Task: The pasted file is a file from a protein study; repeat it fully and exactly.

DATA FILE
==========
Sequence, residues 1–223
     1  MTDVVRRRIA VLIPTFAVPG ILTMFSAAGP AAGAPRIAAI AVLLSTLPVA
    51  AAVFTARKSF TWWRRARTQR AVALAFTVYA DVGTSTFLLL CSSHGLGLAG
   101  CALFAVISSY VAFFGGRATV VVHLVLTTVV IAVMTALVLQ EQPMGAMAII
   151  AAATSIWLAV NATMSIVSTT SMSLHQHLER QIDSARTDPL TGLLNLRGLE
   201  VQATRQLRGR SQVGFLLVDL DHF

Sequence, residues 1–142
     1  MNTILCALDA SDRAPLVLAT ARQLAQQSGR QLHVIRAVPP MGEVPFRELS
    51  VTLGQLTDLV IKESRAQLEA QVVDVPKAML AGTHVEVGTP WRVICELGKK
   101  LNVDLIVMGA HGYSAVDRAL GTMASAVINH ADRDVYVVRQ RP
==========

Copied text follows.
Sequence, residues 1–223
     1  MTDVVRRRIA VLIPTFAVPG ILTMFSAAGP AAGAPRIAAI AVLLSTLPVA
    51  AAVFTARKSF TWWRRARTQR AVALAFTVYA DVGTSTFLLL CSSHGLGLAG
   101  CALFAVISSY VAFFGGRATV VVHLVLTTVV IAVMTALVLQ EQPMGAMAII
   151  AAATSIWLAV NATMSIVSTT SMSLHQHLER QIDSARTDPL TGLLNLRGLE
   201  VQATRQLRGR SQVGFLLVDL DHF

Sequence, residues 1–142
     1  MNTILCALDA SDRAPLVLAT ARQLAQQSGR QLHVIRAVPP MGEVPFRELS
    51  VTLGQLTDLV IKESRAQLEA QVVDVPKAML AGTHVEVGTP WRVICELGKK
   101  LNVDLIVMGA HGYSAVDRAL GTMASAVINH ADRDVYVVRQ RP